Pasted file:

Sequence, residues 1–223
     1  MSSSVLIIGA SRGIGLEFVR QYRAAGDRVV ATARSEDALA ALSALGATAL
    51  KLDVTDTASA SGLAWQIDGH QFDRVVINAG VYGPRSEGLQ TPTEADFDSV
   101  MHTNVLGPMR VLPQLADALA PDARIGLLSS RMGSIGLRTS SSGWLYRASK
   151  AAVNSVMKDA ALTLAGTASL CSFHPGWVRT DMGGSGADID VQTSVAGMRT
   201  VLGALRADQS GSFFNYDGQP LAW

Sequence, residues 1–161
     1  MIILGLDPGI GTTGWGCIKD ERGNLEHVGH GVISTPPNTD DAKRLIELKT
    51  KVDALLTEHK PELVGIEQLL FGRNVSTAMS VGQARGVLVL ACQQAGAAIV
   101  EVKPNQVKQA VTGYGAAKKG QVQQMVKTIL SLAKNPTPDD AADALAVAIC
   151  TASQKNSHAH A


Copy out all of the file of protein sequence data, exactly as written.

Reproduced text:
Sequence, residues 1–223
     1  MSSSVLIIGA SRGIGLEFVR QYRAAGDRVV ATARSEDALA ALSALGATAL
    51  KLDVTDTASA SGLAWQIDGH QFDRVVINAG VYGPRSEGLQ TPTEADFDSV
   101  MHTNVLGPMR VLPQLADALA PDARIGLLSS RMGSIGLRTS SSGWLYRASK
   151  AAVNSVMKDA ALTLAGTASL CSFHPGWVRT DMGGSGADID VQTSVAGMRT
   201  VLGALRADQS GSFFNYDGQP LAW

Sequence, residues 1–161
     1  MIILGLDPGI GTTGWGCIKD ERGNLEHVGH GVISTPPNTD DAKRLIELKT
    51  KVDALLTEHK PELVGIEQLL FGRNVSTAMS VGQARGVLVL ACQQAGAAIV
   101  EVKPNQVKQA VTGYGAAKKG QVQQMVKTIL SLAKNPTPDD AADALAVAIC
   151  TASQKNSHAH A